Abstract art can help evoke a sense of psychological distance, a new study finds. That distance is enough to change our mindsets in a measurable way.
— Read on www.inverse.com/mind-body/abstract-art-mindset-study

Art as therapy is wonderful and effective. I wonder if any of these museums will consider hiring a credentialed art therapist to direct these programs. Credentialed art therapists have been professionally trained in the therapeutic use of art and can facilitate and oversee effective programming.


Music and art as an “accumulation of wisdom, the context art gives us that puts life into perspective, (Sonny Rollins) and transcends politics. From an article in the New York Times, May 18, 2020, as told to Ian Carlino.


January 5, 2020


From Brain Pickings: The Art of Centering: Potter and Poet M.C. Richards on What She Learned at the Wheel About Non-Dualism, Creative Wholeness, and the Poetry of Personhood

This book was a must read during my art studies in the 60’s. Richards’ musings about duality/non-duality, inner/outer awareness, and interrelatedness were seminal in my development of understanding about being and the importance of creativity in the process of being.

Maria Popova’s Brain Pickings is a wonderful site. She exhibits a brilliance with her knowledge of literature and the arts and with her pattern recognition- her awesome ability to notice and explain connections and similarities among a disparate field of writers and other artists.

Popova on Richards: “Richards explores the poetry of personhood through the metaphor of centering, drawn from the craftsmanship of pottery — a potter brings the clay to the center of the wheel, then begins the process of giving the amorphous spinning mass the desired shape.


This video below shows a graphic comic artist demonstrating automatic drawing. I learned to do this in the late sixties when I was studying art. Although the artist says, “let your brain” do the work, I actually experience it as letting my body/mind do the drawing while suspending any conscious, deliberate attention. (I imagined that the energy for the movement of the drawing come directly from my heart through my arm, bypassing my head. I felt like an observer to my own drawing process.) While following along as an observer I was always surprised at what emerged. At some point late in the process I would notice an object emerging from the markings. At this point I would redirect my attention and apply deliberate action to bringing out the newly discovered object. This process of automatic drawing has been very rewarding, both as a meditative process and a way to discover new images heretofore hidden below my conscious awareness.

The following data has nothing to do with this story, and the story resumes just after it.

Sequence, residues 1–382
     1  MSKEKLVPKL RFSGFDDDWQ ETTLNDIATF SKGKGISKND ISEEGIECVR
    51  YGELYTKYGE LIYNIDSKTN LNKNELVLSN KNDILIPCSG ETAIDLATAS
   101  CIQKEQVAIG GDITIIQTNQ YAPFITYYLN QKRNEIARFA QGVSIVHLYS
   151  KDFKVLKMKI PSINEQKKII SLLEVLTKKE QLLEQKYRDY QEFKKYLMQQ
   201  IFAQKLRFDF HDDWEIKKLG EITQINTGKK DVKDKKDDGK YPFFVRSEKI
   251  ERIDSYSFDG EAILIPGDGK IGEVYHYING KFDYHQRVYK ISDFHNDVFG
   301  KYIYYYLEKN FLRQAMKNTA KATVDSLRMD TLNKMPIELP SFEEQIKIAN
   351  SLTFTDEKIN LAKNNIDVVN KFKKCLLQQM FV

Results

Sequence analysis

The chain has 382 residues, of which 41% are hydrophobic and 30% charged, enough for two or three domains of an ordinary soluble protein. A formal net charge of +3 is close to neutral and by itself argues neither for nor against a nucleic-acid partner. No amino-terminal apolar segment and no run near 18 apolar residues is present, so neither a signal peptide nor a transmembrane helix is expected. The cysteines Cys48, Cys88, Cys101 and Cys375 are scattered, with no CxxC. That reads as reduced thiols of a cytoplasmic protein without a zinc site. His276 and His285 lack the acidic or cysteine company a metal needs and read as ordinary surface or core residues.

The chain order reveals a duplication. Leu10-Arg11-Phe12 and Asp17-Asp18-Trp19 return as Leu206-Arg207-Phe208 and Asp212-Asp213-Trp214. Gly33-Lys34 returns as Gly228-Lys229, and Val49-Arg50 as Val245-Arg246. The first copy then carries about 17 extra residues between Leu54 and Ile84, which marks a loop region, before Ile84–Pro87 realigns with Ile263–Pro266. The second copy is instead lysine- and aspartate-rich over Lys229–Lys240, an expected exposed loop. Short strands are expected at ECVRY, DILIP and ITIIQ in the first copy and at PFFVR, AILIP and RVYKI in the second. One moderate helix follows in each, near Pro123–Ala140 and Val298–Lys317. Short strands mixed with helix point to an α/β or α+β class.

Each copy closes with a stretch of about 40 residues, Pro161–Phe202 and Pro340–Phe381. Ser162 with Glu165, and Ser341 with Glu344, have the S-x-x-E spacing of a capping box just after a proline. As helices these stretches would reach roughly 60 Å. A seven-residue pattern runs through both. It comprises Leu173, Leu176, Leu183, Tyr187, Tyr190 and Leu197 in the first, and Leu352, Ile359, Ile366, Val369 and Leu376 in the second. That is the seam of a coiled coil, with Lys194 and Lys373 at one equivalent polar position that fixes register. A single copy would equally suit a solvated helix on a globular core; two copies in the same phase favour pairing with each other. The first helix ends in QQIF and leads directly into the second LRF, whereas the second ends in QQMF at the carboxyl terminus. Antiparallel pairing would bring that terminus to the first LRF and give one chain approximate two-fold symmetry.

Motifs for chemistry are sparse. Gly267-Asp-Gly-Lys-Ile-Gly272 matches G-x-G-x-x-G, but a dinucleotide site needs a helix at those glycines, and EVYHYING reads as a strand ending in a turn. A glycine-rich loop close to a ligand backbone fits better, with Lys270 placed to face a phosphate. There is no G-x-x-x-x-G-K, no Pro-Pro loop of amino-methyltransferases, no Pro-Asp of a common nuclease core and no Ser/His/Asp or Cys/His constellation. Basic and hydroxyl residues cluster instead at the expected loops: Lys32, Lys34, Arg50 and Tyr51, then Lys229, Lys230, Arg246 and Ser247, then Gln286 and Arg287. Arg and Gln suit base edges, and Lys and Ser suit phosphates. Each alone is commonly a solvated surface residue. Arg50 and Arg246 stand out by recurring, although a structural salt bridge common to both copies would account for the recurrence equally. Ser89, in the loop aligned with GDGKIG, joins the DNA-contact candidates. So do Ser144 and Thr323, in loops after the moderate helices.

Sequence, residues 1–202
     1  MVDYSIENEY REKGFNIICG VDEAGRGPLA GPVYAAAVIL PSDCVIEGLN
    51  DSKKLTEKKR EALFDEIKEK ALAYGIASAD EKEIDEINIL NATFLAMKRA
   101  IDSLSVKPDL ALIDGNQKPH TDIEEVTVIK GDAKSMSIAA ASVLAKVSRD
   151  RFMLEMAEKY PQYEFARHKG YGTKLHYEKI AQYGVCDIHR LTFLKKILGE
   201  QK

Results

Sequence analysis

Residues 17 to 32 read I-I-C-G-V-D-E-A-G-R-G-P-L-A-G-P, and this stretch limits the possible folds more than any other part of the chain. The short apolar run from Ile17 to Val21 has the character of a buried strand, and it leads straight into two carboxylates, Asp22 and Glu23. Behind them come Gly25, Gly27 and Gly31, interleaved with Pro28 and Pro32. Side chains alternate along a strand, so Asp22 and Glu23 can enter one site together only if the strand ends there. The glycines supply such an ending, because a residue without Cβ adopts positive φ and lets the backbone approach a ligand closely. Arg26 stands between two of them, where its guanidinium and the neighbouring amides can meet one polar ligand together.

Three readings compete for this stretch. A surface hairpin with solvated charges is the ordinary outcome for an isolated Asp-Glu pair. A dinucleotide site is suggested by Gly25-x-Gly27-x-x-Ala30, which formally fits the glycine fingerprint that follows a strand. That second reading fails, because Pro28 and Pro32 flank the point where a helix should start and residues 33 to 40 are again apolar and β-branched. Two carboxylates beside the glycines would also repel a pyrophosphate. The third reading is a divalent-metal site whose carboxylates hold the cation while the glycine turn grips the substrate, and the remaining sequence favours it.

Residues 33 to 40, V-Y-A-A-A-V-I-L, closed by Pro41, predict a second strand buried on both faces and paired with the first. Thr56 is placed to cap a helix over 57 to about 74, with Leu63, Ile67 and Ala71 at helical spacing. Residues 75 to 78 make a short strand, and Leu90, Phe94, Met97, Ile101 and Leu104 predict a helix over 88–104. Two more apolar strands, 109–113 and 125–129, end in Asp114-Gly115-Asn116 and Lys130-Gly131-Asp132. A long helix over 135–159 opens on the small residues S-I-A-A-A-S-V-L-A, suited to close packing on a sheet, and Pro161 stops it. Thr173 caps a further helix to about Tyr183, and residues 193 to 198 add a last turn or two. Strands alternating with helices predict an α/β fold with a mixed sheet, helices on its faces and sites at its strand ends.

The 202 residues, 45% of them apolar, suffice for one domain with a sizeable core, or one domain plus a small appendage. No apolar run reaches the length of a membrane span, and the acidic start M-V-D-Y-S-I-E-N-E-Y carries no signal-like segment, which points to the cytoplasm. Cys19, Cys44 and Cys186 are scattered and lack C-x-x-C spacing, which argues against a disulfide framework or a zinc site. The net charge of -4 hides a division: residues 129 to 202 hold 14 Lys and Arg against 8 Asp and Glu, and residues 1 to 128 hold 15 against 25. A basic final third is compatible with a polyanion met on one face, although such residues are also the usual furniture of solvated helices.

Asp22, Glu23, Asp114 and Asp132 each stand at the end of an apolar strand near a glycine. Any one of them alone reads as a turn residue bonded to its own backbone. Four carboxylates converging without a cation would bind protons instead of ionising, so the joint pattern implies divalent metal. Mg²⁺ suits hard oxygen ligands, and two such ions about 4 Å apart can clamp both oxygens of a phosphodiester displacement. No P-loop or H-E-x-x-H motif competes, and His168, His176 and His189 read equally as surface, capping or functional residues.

Mary Oliver on Creativity

September 7, 2019

The Third Self: Mary Oliver on Time, Concentration, the Artist’s Task, and the Central Commitment of the Creative Life (from Brain Pickings)

“Certainly there is within each of us a self that is neither a child, nor a servant of the hours. It is a third self, occasional in some of us, tyrant in others. This self is out of love with the ordinary; it is out of love with time. It has a hunger for eternity.

“The most regretful people on earth are those who felt the call to creative work, who felt their own creative power restive and uprising, and gave to it neither power nor time.”

Mary Oliver in “Of Power and Time,” found in Upstream: Selected Essays(public library).


Toil and Hope

November 6, 2018

Here is my latest sculpture, “Toil and Hope”.  It is made of a found object, wood, and gold leaf. It 19.75″ tall and 10.5″ wide.

Toil and Hope

Toil and Hope


Here is a very good article on creative flow from an angle from which you may not be aware. Enjoy.


How to Unleash the Great Perfection of Creativity

By Geshe Tenzin Wangyal Rinpoche

From Lion’s Roar; Buddhist Wisdom for Our Time, July 2, 2017

Informed by the profound teachings of Dzogchen, the Great Perfection, Geshe Tenzin Wangyal tells us how to unleash powerful creative energy we can use anywhere, from the office to the art studio.

Photo by Jennifer Pack.



My first Native American flute build. This is from a kit sold by Blue Bear Flutes and is made of cedar. I added some detail of my own, of course, with an inlay of poplar along two sides and a crow totem on the sound block. Thanks to Charlie Mato-Toyela for his great YouTube video guidance, supplies, and book on the subject.

Listen to a brief recording of me playing this flute.

Fireplace Tiles by Sandy and Bob 1:29:2018

This is our most recent art project completion. It is a pair of fireplace tiles made of Premo Sculpey, 9″ x 9″ x .25″. Sandy made the underwater otter on the left and I made the calling crow on the right. Placed on the mantle only for this photo so they could be next to each other, they will be mounted on the left and right front of the stone fireplace over the now unused heatilator vents. Fun.



A New Moment

July 2, 2017

I have finally reached that moment where when I awoke today I could think that I had no more clients. Not for today, tomorrow, or the foreseeable future. I had a feeling of relief and joy yesterday as my last appointment came to an end. It has been a bit sad and a bit sweet to experience the conclusion of the therapy relationship with client after client. As each was so different in their therapy- their needs, thought patterns, feelings, style of learning- so have they been different in closure which had begun some time ago and ended yesterday.

I will miss those people, each of whom was so different and with each of whom I shared a unique relationship. Some I had seen for years. They were the easiest with whom to say goodby- the most ready to go, although not necessarily wanting to let go. Some I had seen for only weeks. I was a little harder to say goodby to them. While they were appreciative for what they learned in our short time, we were both aware of the potential that will be lost.